Most of us — whether living in a studio apartment or a multi-bedroom family home — already had a pre-existing need for multifunctional space in our homes. Find yourself spreading out your work set up over the dining room table? Living room now home to your dumbbell sets and half-rolled yoga mat? Multifunctional living at its best (except — not quite).
Those of us with the privilege of working from home will likely be doing so for the foreseeable future. And even if you’re still headed to work during the day, in many parts of the United States schools remain closed, as do out-of-home amenities like gyms. That means what space we do have available to us will be utilized in as multifunctional a way as it has perhaps ever been.
Feeling trapped in your house? Not sure how to make this whole “multifunctional” thing… well, actually functional? No stress — whether you’re setting up an in-home homeroom, office, gym or entertainment space, we’ve got tips and tricks galore to make your home feel as though it was never meant to be used any other way.
First thing’s first: get rid of what doesn’t work
That clunky coffee table that takes up the majority of your living room? Those decorative armchairs no one actually ever sits in? Might be worth your time to consider removing them, along with any other clutter taking up valuable real estate.
Do a physical walk-through of your home: think furniture, books or decorations. If you’ve got a guest room, for example, think about how it could be reworked to suit your needs: does it really need a desk or a dresser? Could it possibly play host to your weight bench and dumbbells instead?
Clearing away clutter in general is an excellent way to maximize the space available to you. Been lugging old storage bins with you move after move — but still haven’t found yourself missing their contents? Now is the time to sort through, throw what’s not needed away, and use that newly-discovered space well.
Make the most of your furniture.
Speaking of furniture — the way you’ve designed and decorated a room can dictate how many ways it can be used. For renters in small apartments, nifty, inventive additions like drop-down desks, fold-up beds or easily-stored bulletin/whiteboards can turn a small bedroom into a workspace or a classroom just for the day.
Don’t have a guest room or a dining room available to utilize? Problem solved — the temporary, flexible nature of your furniture means you can call any room your office or your child’s math classroom during day hours. Downsizing furniture can be just as impactful. That stately (ahem… clunky) desk that takes up an entire half of your home office? Get rid of it for something sleek – and space saving. Trust us.
Get smart about storage.
Speaking of living in small spaces, a tip most studio-apartment goers are probably familiar with: make even your storage do the work. Multi-use pieces like hollow ottomans, bed frames with built-in drawers or compartments or over-the-bed shelving (Google it) are the cheat codes of space saving. You can also never go wrong with floating shelves — no need to keep your storage to the floor, which brings us to our next trick.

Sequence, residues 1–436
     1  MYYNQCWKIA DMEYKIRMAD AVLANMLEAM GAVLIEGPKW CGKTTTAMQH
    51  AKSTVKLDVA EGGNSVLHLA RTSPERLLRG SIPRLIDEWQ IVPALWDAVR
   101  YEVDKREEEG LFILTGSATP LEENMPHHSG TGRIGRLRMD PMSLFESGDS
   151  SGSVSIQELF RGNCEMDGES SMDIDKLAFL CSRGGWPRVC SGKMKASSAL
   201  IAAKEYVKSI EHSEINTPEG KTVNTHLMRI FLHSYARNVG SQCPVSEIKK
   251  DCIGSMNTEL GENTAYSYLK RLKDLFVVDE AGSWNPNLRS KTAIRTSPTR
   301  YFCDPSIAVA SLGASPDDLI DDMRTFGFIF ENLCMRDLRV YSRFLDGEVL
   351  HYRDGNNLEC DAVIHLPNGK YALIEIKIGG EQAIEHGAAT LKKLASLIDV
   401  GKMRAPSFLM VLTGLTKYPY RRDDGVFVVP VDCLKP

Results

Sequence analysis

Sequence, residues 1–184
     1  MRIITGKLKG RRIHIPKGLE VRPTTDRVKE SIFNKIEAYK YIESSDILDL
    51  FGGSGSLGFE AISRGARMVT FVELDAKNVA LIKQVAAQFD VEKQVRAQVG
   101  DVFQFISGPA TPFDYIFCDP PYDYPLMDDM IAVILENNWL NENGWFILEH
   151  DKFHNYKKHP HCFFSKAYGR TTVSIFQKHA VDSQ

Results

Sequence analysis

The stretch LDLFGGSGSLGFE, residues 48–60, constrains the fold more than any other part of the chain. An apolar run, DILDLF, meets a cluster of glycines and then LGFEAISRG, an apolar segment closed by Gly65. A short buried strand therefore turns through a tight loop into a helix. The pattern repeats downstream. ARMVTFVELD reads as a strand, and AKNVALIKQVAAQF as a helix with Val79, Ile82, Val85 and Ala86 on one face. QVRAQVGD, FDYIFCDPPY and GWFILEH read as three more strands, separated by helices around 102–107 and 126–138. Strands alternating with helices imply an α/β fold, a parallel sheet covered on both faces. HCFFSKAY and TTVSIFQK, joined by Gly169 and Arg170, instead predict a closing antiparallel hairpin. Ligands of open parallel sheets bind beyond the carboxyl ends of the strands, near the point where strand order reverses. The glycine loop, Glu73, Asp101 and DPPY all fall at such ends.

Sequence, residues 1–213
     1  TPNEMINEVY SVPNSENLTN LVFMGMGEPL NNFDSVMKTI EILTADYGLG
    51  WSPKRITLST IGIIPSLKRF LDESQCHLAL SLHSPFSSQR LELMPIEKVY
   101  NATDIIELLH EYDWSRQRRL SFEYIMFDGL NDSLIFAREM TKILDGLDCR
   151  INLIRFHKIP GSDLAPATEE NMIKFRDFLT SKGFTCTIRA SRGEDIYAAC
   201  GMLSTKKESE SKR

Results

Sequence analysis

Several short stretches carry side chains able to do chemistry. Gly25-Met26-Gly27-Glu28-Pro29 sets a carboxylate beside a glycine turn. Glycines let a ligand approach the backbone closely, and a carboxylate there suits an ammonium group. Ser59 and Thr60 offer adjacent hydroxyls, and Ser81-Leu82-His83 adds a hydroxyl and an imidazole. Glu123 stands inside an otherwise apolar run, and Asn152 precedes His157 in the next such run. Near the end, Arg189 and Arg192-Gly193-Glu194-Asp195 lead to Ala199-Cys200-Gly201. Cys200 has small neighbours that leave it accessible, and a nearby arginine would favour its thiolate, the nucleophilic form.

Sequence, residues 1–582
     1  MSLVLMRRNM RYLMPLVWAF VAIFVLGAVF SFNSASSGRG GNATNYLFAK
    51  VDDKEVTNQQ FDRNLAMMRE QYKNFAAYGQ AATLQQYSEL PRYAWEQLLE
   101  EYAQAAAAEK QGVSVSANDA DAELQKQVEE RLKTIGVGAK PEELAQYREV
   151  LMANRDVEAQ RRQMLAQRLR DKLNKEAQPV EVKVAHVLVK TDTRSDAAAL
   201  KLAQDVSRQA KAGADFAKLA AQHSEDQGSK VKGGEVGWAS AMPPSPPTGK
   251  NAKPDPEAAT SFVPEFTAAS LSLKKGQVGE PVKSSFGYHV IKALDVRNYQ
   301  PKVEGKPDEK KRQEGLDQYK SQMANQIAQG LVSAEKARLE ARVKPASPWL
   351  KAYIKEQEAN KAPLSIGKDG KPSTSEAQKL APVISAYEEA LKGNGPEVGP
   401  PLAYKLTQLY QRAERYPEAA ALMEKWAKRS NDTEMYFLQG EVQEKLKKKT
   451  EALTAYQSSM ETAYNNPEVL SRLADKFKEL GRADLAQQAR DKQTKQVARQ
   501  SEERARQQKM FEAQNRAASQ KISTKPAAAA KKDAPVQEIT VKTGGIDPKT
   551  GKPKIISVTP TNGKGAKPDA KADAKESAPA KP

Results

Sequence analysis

Use all the space you have.
We’ve mentioned floating shelves as a way to get your storage off the ground. Think bigger, though: utilize your walls.
Wall storage is versatile — and just like any free space, it’s valuable real estate. Struggling to store your bike? Wishing you had a better place to put toys or dirty clothes? There’s floating storage for that. The flexibility it grants you is very much similar to your drop-down desk or fold-up beds. No need to have your bike take up so much space in your garage — or, who are we kidding — in that hallway between the bedroom and your kitchen. Likewise, break out the toys, and your living room becomes a playroom for a few hours. (Put them away, and you can pretend like they were never even there.) Don’t forget about outdoor or semi-outdoor spaces.
If you’re lucky enough to have outdoor space available to you in your home, use them purposefully: don’t just line the shelves of your garage or porch with old storage boxes, for example. Though this goes back heartily to our first tip — throw away what you don’t need — outdoor spaces can be multifunctional, too.
Perhaps most importantly — if you’re finding yourself over exposed in your yard or on your porch, create your own cover. Whether you’re dodging the sun or summer thunderstorms, investing in the right outdoor umbrella or even a small awning can reclaim an outdoor space once too exposed to the elements to use.
From there, create an outdoor work, study or workout area by investing in some quality outdoor furniture.
Smart, skin-deep renovations.
If you own a home and are assessing how to make it permanently more multifunctional, you may choose to move in the remodel/renovation model. Removing or partially removing an unnecessary wall between two rooms, for example, could help you create a larger floor plan. (At a more superficial level, you might consider built-in shelving or even removing carpet and putting in hard-wood, which tends to be a more versatile flooring).
More serious undertakings like finishing a basement or having a patio put in, too, can help expand the usable space available to you, too. It may be helpful to consult with a general contractor near you for personalized advice -- and, if you decide you're ready to remodel, you can use Punch List to streamline the process.
It may be true that for the time being we’re all very much confined to our homes — more than we’ve ever been. But there’s no reason your home can’t play host to all of your space needs, and it’s easier than it looks to make it that way, whether you decide to utilize furniture that’s right for your space or finally finish your basement.